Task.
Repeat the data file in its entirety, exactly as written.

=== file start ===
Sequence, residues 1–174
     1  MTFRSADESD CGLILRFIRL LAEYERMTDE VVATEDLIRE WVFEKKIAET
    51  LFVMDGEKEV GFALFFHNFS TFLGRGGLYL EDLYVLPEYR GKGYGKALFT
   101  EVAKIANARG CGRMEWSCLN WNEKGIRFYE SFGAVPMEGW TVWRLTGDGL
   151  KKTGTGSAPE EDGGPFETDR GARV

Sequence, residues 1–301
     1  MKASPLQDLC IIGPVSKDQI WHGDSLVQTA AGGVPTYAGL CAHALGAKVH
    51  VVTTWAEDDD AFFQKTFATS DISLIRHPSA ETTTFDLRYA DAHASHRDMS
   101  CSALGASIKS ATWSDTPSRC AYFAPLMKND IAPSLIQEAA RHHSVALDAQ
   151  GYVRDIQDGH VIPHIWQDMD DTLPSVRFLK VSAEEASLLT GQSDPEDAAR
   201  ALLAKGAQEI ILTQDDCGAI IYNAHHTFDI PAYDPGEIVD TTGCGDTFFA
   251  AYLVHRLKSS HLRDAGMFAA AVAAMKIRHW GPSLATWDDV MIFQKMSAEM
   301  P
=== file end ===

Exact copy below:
Sequence, residues 1–174
     1  MTFRSADESD CGLILRFIRL LAEYERMTDE VVATEDLIRE WVFEKKIAET
    51  LFVMDGEKEV GFALFFHNFS TFLGRGGLYL EDLYVLPEYR GKGYGKALFT
   101  EVAKIANARG CGRMEWSCLN WNEKGIRFYE SFGAVPMEGW TVWRLTGDGL
   151  KKTGTGSAPE EDGGPFETDR GARV

Sequence, residues 1–301
     1  MKASPLQDLC IIGPVSKDQI WHGDSLVQTA AGGVPTYAGL CAHALGAKVH
    51  VVTTWAEDDD AFFQKTFATS DISLIRHPSA ETTTFDLRYA DAHASHRDMS
   101  CSALGASIKS ATWSDTPSRC AYFAPLMKND IAPSLIQEAA RHHSVALDAQ
   151  GYVRDIQDGH VIPHIWQDMD DTLPSVRFLK VSAEEASLLT GQSDPEDAAR
   201  ALLAKGAQEI ILTQDDCGAI IYNAHHTFDI PAYDPGEIVD TTGCGDTFFA
   251  AYLVHRLKSS HLRDAGMFAA AVAAMKIRHW GPSLATWDDV MIFQKMSAEM
   301  P